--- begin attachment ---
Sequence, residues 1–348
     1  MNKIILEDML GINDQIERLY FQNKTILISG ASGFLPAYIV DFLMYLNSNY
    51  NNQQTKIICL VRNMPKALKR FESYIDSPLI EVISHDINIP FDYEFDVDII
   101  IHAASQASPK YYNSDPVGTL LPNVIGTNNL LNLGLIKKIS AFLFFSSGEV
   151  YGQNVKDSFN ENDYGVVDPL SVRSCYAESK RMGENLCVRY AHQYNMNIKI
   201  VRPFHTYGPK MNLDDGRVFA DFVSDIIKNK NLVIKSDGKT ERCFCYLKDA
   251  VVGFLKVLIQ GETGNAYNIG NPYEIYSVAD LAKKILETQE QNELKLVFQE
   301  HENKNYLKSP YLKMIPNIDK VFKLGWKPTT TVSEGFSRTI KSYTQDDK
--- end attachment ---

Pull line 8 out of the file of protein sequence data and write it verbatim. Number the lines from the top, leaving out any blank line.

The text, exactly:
   301  HENKNYLKSP YLKMIPNIDK VFKLGWKPTT TVSEGFSRTI KSYTQDDK